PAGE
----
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Sweeney/Madden Bill Would Make Gps Tracking Of Sex Offenders Permanent

TRENTON – A measure sponsored by Senators Steve Sweeney and Fred H. Madden which would make permanent the provisions of the “Sex Offender Monitoring Act,” a pilot program which became law in 2005, was approved today by the Senate Law, Public Safety and Veterans’ Affairs Committee.

“Today is a historic day for the people of New Jersey in that we are making permanent a program that will help keep our children safe from dangerous sexual predators,” said Senator Sweeney, D-Gloucester, Cumberland and Salem. “Before the pilot program was established, the system was failing our children in that, sexual predators were able to live near and even walk onto the grounds of schools and parks because police were not able to monitor the predators’ whereabouts. By making the GPS program permanent, we would be renewing our commitment to protecting the health and welfare of New Jersey’s children.”

“The intent of the legislation that created the 2005 pilot program was to help ensure that sexual predators were not allowed to frequent schools, playgrounds or other areas where there are often large numbers of children,” said Senator Madden, D-Camden and Gloucester. “This legislation would enable local police to continue using the GPS technology as means to prevent sexual assault, and it would continue to send a clear message to would-be offenders that we view the safety of our children as one of New Jersey’s top priorities.”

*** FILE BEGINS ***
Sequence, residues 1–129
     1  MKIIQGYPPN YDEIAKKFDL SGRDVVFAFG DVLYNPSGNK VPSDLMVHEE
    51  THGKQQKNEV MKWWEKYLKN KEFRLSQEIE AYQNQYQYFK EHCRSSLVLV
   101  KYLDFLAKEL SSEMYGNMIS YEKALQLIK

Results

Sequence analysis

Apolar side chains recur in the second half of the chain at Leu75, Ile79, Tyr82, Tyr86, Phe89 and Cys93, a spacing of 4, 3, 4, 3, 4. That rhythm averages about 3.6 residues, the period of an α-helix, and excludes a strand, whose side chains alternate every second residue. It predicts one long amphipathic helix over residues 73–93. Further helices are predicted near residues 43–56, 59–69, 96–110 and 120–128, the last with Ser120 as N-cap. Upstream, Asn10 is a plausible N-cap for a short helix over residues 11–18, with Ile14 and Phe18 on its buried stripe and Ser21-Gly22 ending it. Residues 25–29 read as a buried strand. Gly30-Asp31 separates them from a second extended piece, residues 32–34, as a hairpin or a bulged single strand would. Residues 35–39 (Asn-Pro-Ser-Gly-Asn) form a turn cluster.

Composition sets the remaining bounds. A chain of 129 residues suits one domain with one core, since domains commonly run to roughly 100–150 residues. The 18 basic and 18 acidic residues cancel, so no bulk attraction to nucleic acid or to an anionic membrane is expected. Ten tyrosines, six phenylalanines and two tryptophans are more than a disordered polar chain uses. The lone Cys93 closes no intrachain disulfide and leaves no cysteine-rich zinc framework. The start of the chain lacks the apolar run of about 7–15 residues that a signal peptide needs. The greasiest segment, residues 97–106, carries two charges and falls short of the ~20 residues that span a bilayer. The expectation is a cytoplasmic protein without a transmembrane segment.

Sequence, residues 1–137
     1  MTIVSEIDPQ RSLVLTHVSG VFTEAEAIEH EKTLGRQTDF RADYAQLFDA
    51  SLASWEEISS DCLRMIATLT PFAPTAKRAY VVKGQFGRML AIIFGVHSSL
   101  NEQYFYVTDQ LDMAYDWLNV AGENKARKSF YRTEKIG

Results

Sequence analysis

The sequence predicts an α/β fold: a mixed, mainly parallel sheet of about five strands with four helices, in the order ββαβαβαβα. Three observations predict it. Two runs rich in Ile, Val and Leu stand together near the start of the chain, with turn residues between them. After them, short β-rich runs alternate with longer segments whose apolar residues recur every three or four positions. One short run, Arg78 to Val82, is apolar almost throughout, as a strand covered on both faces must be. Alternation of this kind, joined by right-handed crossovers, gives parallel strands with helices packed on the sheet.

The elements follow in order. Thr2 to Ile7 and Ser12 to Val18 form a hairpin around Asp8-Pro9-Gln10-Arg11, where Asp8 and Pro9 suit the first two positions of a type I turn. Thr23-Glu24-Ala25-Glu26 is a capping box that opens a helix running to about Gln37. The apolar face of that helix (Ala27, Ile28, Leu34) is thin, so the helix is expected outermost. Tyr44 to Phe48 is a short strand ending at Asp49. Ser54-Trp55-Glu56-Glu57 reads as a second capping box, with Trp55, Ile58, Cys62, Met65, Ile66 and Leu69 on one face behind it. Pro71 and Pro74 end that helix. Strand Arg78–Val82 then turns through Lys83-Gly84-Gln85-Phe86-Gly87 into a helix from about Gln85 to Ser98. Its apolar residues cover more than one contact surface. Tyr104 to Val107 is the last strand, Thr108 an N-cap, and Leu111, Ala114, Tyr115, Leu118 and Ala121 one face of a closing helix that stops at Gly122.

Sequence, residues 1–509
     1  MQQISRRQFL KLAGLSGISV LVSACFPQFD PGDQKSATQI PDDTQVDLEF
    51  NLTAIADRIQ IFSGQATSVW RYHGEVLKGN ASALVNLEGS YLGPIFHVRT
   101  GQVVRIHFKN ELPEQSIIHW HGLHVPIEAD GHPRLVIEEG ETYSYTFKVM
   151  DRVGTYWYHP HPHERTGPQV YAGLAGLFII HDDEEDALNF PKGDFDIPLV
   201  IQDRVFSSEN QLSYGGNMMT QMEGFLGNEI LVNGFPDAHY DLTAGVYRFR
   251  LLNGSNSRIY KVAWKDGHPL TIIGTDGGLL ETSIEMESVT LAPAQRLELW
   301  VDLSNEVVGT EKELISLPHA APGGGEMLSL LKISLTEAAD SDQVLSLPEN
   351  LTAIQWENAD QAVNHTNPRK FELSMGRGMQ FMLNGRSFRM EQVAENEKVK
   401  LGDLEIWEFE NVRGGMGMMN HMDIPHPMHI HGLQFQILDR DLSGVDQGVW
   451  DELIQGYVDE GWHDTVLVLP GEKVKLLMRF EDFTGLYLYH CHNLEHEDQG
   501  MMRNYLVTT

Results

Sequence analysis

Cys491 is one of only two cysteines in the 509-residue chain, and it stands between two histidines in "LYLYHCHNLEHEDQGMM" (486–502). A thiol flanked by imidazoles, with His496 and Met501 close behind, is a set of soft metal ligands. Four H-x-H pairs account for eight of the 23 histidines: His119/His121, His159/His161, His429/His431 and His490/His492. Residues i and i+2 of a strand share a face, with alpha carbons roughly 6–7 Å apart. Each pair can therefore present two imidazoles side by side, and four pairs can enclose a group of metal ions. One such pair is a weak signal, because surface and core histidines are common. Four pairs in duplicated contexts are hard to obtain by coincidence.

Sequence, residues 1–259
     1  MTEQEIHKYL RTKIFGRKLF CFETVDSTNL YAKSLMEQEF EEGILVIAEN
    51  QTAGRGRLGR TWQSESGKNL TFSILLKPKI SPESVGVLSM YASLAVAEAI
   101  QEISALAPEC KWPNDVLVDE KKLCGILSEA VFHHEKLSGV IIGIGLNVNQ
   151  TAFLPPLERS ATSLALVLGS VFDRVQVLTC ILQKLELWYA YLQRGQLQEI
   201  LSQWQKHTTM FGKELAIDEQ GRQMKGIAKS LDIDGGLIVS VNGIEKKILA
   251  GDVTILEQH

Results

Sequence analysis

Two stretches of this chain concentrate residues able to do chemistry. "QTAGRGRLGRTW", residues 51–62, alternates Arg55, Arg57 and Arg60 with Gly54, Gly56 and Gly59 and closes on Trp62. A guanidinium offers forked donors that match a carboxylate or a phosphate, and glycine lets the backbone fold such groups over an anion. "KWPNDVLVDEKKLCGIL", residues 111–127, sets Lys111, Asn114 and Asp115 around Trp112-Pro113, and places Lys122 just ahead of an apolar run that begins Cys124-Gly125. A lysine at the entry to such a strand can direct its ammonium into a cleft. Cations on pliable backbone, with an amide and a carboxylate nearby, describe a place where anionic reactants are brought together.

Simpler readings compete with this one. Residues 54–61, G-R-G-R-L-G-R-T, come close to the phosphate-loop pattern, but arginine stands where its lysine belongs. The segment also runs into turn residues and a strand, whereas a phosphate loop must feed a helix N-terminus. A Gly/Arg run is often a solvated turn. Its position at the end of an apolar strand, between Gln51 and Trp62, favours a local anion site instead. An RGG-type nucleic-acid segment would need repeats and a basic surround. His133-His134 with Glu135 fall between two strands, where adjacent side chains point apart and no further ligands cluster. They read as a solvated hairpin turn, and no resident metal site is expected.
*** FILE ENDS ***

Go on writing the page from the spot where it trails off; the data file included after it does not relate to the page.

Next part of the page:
The Senators’ bill, S-484, would make permanent the provisions of the 2005 pilot program which used GPS technology to track the whereabouts of high-risk sex offenders. The program used the GPS tracking to provide continuous, time-correlated tracking, and allowed law enforcement to compare subjects’ locations with reported incidents of crime.

In New Jersey, sex offenders are classified as “high risk” if their likelihood of re-offense has been determined to be high by a number of factors including insanity, history of violent assault, and assault against children.

Any offender who fails to comply with the GPS program would be guilty of a third degree crime, which carries a sentence of 3-5 years in prison and fines of up to $15,000.

The resolution would take effect immediately after being signed into law.

This measure now heads to the full Senate for approval.

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